The conversation I really want to have about this phone is how much of a potential disruption the componentry in this phone can cause the world market on mobile phones. The x86 CPU & The off-contract price.
We’re reviewing the ZE551ML -- First and foremost this phone is powered by a 64-bit 2.3Ghz Quad-Core Intel Atom Z3580 CPU, and the first smartphone with 4gb of Dual Channel DDR3. It has LTE Cat4+, up to 250 megabit. This model also has an industry-leading 64gb of internal eMMC flash memory storage rated at a transfer speed of up to 160 megabytes per second.
I also want to talk about the overall responsiveness of the device, and the advertised 60ms touch response time. Though I think the HTC One (M8) was the first device to break the sub 65ms barrier on strictly touch response alone, the touch event + time to open apps still seems a bit laggy, to me, on Android.
While this is something that merits formal testing, I informally show what I did in the video above: Basically, I just setup two phones side-by-side and tapped the icons at the same time to launch Chrome, the Play store app, etc. The Zenfone 2 is astonishingly faster than the Moto X – even the Samsung Note 4 – and I suspect it is not just the touch delay at work.
Historically, the touch delay has been a problem for Android but as of early 2014 I was given to understand this problem was a thing of the past. This may be something else entirely – like a double-tap delay – but I can tell you not having whatever delay that is makes things feel different. This type of thing is something I see die-hard iOS fans harp on as I don’t believe this has been a problem for iOS. Because of this immediate response, the ZenFone 2 feels astonishingly fast.
The GPU is a 6430 PowerVR @ 533mhz. It ships with Android Lollipop and I was delighted to see that I can get OTA updates from Asus just fine. In fact, I had two right out of the box. The wifi is 802.11AC 1x1 operating at a speedy 433mhz and I can tell you downloads by wifi were speedy. The download speed on the large OTA updates from Asus approached ten megabytes per, which might be the fastest real-world wifi download on a phone I’ve ever seen.
There are two cameras – a 12.6 megapixel 4:3 aspect ratio with an f/2.0 aperture lens and a 4096x3072 capture size. The optics seem to be a 5-element setup from Largan. The sensor is a Toshiba Sensor. The flash is a dual LED flash but the LEDs have different color spectra in order to capture more realistic color tones. A really slick camera app is also bundled that lets you do a lot of cool stuff with the camera – mainly automatic HDR photos with something they call SuperHDR and high-res photos even in low light. All this is called PixelMaster 2.0.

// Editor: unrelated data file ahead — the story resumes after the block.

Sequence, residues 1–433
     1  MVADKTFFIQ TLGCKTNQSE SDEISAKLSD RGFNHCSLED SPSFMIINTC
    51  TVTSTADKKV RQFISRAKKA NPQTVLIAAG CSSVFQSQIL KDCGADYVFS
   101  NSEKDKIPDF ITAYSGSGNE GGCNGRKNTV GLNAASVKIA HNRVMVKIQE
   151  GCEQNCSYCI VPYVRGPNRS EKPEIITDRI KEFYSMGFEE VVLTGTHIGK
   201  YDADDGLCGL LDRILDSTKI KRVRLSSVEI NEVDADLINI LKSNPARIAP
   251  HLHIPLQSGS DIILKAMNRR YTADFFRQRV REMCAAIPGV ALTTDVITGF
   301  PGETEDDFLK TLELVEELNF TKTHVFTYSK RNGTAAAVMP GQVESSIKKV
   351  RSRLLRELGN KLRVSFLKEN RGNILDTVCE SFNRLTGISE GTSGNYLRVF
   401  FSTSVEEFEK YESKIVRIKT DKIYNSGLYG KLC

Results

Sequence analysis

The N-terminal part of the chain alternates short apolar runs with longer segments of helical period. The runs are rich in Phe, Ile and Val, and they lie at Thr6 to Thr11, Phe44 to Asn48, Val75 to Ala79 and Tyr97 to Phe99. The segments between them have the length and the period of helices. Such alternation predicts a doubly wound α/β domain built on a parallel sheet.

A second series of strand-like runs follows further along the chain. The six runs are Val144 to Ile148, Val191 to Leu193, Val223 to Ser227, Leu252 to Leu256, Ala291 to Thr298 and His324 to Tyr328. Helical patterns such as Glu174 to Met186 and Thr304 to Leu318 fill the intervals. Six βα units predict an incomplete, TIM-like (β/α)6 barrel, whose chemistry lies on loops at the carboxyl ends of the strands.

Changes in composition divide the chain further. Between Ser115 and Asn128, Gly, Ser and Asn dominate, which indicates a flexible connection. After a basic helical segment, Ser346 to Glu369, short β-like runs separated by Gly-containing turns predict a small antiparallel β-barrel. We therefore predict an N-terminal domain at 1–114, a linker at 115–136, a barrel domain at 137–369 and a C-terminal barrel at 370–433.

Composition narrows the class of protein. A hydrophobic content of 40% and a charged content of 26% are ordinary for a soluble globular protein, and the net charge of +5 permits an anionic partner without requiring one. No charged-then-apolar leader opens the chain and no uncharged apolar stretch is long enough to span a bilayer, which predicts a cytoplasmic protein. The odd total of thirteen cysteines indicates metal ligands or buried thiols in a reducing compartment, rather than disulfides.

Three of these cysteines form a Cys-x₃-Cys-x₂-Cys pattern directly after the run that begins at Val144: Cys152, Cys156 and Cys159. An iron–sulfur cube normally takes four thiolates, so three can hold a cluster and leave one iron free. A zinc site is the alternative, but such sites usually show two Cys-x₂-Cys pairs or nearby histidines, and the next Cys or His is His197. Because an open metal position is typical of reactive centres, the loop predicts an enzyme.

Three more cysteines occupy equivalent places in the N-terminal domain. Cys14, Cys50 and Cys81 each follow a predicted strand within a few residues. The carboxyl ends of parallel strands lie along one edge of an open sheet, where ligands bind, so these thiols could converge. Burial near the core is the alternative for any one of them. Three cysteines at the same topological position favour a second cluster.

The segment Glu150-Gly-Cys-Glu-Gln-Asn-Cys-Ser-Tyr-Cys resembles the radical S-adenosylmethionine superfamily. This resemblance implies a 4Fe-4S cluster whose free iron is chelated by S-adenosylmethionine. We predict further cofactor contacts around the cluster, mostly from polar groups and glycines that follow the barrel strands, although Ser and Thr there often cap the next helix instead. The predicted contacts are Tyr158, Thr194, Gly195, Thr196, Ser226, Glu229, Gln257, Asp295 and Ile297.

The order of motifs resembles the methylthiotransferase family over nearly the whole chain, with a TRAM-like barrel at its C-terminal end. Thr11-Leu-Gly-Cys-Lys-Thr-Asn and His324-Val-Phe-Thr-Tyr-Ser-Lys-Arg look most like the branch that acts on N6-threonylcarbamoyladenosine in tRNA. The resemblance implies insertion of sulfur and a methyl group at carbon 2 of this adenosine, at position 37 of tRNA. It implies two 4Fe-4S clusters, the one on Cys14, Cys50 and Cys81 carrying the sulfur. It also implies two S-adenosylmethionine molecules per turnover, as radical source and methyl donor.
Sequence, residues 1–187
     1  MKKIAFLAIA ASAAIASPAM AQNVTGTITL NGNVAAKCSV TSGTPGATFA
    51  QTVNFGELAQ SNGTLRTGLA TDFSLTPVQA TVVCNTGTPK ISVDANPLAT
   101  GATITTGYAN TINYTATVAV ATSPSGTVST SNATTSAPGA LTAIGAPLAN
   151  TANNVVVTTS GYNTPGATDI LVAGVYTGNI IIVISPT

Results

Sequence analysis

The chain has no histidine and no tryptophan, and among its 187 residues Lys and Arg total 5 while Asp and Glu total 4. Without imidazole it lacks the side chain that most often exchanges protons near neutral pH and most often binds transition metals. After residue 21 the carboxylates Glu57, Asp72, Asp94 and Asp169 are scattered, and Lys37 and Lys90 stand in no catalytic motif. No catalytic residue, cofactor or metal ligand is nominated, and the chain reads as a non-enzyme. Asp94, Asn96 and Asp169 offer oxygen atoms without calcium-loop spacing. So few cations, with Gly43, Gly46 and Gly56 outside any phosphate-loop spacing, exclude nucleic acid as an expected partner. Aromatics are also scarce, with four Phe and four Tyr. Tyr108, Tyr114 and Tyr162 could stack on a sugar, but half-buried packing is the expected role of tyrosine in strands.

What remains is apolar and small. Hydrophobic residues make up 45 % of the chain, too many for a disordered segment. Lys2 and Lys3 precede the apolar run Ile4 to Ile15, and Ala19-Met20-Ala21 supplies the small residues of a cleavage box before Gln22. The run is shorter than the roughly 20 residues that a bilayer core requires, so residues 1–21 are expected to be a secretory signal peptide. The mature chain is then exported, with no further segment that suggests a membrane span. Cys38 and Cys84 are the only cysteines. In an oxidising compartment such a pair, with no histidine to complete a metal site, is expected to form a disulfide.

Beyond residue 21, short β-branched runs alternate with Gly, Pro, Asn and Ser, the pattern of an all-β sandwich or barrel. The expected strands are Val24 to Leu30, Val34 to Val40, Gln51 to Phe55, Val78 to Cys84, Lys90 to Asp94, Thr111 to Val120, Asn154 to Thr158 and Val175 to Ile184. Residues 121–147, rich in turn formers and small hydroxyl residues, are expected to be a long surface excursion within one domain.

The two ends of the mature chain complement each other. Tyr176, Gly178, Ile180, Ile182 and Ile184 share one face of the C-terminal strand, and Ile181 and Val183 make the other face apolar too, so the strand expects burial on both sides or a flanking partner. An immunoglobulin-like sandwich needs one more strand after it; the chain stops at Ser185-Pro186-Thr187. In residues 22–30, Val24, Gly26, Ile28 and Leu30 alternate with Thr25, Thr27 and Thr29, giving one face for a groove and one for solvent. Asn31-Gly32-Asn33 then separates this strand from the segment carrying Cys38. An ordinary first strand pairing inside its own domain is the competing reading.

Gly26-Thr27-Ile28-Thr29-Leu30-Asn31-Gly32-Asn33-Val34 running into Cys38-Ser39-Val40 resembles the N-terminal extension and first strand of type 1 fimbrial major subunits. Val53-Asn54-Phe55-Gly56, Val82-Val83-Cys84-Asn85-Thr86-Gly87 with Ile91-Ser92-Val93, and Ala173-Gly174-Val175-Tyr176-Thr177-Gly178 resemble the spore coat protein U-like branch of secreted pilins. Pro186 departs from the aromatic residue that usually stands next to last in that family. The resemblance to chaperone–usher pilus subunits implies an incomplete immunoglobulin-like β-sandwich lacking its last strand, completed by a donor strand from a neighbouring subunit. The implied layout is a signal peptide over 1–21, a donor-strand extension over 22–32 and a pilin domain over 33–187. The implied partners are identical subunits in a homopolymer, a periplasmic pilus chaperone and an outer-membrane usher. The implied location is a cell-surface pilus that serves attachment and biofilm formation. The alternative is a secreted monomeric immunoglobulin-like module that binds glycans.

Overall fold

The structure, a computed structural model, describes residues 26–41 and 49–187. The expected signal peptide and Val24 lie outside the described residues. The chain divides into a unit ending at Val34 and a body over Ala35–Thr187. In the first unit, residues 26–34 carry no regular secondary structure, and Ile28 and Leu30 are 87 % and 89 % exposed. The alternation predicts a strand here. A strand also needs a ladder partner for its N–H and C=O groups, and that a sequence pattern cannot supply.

The front camera is 5 megapixel and they also bundled some software that lets you take a panoramic selfie but I just don’t think I can bring myself to take a selfie to show you.
In testing the camera hardware was good, but not significantly better than other phones we’ve tested. It was certainly not a disappointment, but nothing spectacular either. The test video that we shot seemed to have excessive motion blur and the stabilization function did not seem to work as well as on other phones. Asus, Unleash this x86 beast and show us what it can do with real-time video processing! :)
The phone also has NFC, which we used to transfer the accounts, documents and other stuff from the Moto X – that was basically a flawless experience. Kudos there. I was surprised it worked so well. It also asked me to enroll for an Asus account, but this failed with Error 100 and I’m not sure why. However, it let me continue with the setup process. Later I received an email letting me know the Asus account was setup. This was a phone we bought from Amazon, so it must have been a problem on the server.
Physical inspection of the device is interesting. No buttons or anything on the sides, except one divot on the right side which is only a spot to unsnap the back cover. There is a button and headphone jack are on top of the device, and a USB 2.0 micro connector on the bottom of the device. The power button on top is not particularly convenient but it is possible to wake the device with a double tap on the scren, or by drawing gestures on the screen with your finger. A “C” drawn with one finger will, for example, wake the phone and run the camera app.